Learnings from 2023 The Female Athlete Conference – Part 1

Every two years, the team at the Female Athlete Program at Boston Children’s Hospital hosts The Female Athlete Conference to “promote understanding of female athletes’ unique and understudied physiology and lived experience, as well as clinical best practices and interdisciplinary calls-to-action.” Conference attendees are from a variety of backgrounds including sports medicine physicians, researchers, exercise physiologists, physical therapists, sports psychologists, sports dieticians and nutritionists, coaches and athletes which creates an invigorating, multidisciplinary learning opportunity. Last week, the conference was held live here in Boston and the virtual recordings will be released later this week so if you are interested in purchasing the virtual offering, you can do so here.

Below is a summary of my learnings from the sessions I attended, and I look forward to reviewing the remaining sessions when they are released later this week.

  • The sessions I attended demonstrated significant progress (vs. the 2019 live conference) in the research and understanding of the female athlete across her life stages
  • A clear theme across several sessions & in Sherry Levin’s inspiring keynote address that we are “stronger together” and need to partner as a multidisciplinary team to continue to innovate and improve health & performance outcomes for female athletes
  • There was a foundational acknowledgement of the importance of ensuring the athlete is eating enough for their health & performance and understanding the why behind under-fueling which can differ by sport and individual.
  • A new IOC Consensus Statement on Relative Energy Deficiency in Sport (REDs) will be released later this year. Key updates include:
    • Low energy availability (LEA) is the underlying driver of REDsDifferentiation of problematic vs. adaptable LEA. Problematic LEA is when there is significant disruption resulting from higher exposure (duration & amount). Adaptable is considered benign, reversible, and was acknowledged that short periods of LEA may improve performance. It is important to note that short periods of LEA is only recommended in elite athlete populations under multidisciplinary supervision. There is a new clinical assessment tool coming out later this fall that assesses REDs severity and risk for use in clinical diagnosis & treatment. The model uses a multifactorial evidence-based set of indicators including suppressed T3, prior bone stress injuries, primary amenorrhea, low bone mineral density, eating disorder risk assessment, etc. Secondary indicators in the tool include increased LDL, depression, oligomenorrhea, low blood pressure, etc. and identifies a set of emerging indicators such urinary incontinence, bradycardia, low IGF1, etc. that need more research.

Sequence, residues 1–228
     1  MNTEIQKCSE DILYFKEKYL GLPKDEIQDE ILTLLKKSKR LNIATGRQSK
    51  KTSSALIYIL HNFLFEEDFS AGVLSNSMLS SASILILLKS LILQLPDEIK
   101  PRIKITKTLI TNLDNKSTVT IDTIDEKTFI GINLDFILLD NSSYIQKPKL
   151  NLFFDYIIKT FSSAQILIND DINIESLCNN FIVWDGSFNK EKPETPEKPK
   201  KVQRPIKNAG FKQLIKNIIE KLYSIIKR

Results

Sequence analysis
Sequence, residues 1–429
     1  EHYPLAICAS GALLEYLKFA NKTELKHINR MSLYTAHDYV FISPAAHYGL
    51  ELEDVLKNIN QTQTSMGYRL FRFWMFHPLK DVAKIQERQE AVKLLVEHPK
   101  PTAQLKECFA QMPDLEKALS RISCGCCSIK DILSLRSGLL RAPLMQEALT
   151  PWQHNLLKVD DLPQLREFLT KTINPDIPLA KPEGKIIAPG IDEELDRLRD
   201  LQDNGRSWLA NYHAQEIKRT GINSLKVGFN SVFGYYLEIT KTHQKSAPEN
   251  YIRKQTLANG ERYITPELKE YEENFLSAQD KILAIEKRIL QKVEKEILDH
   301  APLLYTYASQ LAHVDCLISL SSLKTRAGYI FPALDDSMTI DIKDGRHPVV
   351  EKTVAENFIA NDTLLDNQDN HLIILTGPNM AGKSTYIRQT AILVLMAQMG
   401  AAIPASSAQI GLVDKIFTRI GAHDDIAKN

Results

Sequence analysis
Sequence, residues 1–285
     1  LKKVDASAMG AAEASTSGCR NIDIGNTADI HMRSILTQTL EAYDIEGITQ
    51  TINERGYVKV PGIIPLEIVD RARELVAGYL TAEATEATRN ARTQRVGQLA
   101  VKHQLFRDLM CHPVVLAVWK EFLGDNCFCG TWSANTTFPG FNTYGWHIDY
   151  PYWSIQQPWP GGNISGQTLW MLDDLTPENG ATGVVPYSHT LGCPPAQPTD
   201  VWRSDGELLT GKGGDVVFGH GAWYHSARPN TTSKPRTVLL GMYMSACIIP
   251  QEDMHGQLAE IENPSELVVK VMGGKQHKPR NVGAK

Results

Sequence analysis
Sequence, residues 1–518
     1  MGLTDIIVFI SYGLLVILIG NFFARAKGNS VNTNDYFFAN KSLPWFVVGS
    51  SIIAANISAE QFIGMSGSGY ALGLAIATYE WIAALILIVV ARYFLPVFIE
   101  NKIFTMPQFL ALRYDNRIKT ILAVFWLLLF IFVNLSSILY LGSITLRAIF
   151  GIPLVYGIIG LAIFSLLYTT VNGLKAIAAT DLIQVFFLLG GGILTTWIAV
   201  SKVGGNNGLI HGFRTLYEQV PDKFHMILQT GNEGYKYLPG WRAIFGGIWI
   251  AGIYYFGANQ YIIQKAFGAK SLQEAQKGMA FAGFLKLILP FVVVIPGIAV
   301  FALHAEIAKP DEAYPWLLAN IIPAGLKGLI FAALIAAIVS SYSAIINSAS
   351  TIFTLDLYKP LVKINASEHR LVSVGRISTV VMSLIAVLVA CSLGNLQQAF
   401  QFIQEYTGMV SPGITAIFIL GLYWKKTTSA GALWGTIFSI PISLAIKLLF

• The importance of early identification of LEA & REDs so impacts can be mitigated but it was acknowledged it is difficult to diagnose REDs without first ruling out other potential causes of the symptoms e.g. rule out pelvic floor insufficiency when a client presents with urinary incontinence.
  • Several sessions highlighted the importance of acknowledging and normalizing the menstrual cycle and reinforced that that individuals can have different responses to training across their cycle. We cannot conclude that all female athletes should be cycle synching their training (and nutrition!) as individual variations in hormones and responses makes group level conclusions challenging but we can, and should evaluate this at the individual level through tracking of cycles, along with training and recovery metrics.
  • A discussion on pregnancy in sport highlighted opportunities to improve the support system and education of pregnant/post-partum athletes including fueling/nutrition and mental health.
  • Female athletes have a higher incidence of GI distress, and the causes can be multifactorial e.g. fiber, supplements/electrolytes, dehydration, low energy availability/disordered eating, medications, meal timing, stress levels, celiac, IBS, recent travel, etc.

Some of the sessions I missed that I’m most looking forward to reviewing later this week are:

  • Evaluation of the Relationships Between Body Composition, Nutrition and Menopause Symptoms Across the Menopause Transition
  • Behind the Scenes of the Development of the IOC REDs Clinical Assessment Tool and Evaluating the Effect of Energy Availability on Performance and Medical Outcomes at the Boston Marathon
  • How to Pick Contraception Options for Family Planning and other Medical Issues – What’s a Gal to Do?
  • Managing Iron Deficiency and Cardiac Issues in Female Athletes

Stay tuned for part 2 of my learnings from The Female Athlete conference!